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Title:Cable Television as an Information Tool
Author(s):Dowlin, Kenneth E.
Subject(s):Libraries and television
Cable television
Abstract:Public libraries are going through a period of great change. Historically they have provided the majority of their services to educated people; have emphasized collection development in the area of literature and history; and have been essentially a middle-class institution. For public libraries not only to survive, but to play an important role in the community, they must change their operations to reflect the idea that information is their most important product. Most libraries say that they do provide information, but few of them consider information in its fullest context. The information I refer to could be provided by one institution. Not only information needed for education and self-education, but information needed for everyday life should be provided. Having done many home projects, I am very much aware of the information problems for these kinds of activities. For example, where does one go to find the best bonding agent for putting paneling on a cement wall? Most people ask their lumber yard, which, in many cases, knows the answer. Many public libraries have on their shelves magazines such as Popular Mechanics which can answer these questions, but the person needing the information immediately seldom thinks of the library as a source of this kind of information.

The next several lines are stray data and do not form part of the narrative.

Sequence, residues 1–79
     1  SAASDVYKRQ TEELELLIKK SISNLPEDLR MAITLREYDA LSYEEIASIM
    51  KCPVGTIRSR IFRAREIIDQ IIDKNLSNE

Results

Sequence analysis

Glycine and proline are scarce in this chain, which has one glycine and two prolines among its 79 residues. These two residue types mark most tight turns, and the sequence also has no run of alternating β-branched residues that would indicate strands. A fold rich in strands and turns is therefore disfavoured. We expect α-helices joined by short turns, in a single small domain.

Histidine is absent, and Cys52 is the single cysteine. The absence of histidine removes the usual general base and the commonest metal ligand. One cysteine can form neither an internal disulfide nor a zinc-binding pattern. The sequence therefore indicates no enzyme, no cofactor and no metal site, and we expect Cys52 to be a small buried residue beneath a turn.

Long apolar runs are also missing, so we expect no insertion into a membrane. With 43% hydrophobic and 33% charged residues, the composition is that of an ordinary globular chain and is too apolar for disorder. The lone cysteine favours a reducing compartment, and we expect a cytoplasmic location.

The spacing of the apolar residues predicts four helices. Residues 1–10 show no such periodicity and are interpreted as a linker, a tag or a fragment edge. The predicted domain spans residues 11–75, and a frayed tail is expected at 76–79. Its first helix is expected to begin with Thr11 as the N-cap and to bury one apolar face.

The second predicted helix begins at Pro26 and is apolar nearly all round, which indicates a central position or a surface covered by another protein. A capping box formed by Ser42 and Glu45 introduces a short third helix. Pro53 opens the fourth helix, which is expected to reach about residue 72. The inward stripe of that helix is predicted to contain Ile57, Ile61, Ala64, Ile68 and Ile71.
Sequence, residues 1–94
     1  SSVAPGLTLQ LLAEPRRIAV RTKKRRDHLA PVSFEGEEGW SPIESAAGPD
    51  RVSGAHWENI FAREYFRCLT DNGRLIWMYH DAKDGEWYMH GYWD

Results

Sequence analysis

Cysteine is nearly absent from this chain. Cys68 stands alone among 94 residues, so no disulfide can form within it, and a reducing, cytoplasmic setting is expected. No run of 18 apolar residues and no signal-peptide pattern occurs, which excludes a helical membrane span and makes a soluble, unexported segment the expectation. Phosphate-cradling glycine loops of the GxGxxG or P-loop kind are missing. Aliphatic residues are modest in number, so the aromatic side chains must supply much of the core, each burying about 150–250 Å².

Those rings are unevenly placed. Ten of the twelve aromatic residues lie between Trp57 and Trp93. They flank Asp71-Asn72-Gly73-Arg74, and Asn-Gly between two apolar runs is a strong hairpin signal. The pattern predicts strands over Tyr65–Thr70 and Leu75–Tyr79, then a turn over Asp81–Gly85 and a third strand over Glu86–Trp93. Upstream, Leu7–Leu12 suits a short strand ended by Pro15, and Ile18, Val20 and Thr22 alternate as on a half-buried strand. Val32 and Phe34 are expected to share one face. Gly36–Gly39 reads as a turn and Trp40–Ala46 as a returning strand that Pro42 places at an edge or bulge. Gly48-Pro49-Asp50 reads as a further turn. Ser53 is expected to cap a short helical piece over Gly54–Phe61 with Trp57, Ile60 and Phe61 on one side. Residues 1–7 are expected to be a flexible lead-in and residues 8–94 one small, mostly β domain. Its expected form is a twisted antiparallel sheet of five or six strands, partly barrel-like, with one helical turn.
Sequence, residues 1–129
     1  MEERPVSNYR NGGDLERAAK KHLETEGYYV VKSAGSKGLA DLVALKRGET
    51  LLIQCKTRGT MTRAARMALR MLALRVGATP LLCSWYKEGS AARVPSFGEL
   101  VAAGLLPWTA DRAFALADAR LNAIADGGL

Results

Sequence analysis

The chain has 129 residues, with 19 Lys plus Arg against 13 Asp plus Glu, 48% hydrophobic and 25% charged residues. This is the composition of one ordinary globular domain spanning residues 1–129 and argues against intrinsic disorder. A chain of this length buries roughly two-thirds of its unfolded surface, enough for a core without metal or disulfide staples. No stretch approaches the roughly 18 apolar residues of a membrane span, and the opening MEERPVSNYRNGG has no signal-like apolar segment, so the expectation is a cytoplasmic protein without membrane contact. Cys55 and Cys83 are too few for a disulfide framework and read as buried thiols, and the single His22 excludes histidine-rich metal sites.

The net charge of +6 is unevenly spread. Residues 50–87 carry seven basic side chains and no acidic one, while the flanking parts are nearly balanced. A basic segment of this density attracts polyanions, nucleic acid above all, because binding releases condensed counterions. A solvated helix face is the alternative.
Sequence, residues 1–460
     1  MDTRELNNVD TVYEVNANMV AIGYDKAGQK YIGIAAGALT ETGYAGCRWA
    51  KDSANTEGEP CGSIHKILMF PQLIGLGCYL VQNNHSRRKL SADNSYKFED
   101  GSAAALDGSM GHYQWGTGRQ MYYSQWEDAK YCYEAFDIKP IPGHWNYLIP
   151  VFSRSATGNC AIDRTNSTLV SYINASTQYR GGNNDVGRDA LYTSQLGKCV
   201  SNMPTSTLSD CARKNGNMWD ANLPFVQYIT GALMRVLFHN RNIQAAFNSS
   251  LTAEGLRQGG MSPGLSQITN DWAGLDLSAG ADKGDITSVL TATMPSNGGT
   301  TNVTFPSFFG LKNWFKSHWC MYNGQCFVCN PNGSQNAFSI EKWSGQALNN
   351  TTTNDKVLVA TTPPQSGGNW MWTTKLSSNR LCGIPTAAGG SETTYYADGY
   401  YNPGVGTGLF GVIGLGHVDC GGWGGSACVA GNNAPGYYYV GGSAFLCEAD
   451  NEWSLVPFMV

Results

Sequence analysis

Issue Date:1973
Publisher:Graduate School of Library Science. University of Illinois at Urbana-Champaign.
Citation Info:In C.E. Thomassen (ed). 1973. CATV and its implications for libraries : proceedings of a conference. Urbana, Il: Graduate School of Library Science: 66-69.
Series/Report:Allerton Park Institute (19th : 1973)
Genre:Conference Paper / Presentation
Publication Status:published or submitted for publication
Rights Information:Copyright owned by Board of Trustees of the University of Illinois. 1972.
Date Available in IDEALS:2007-07-17

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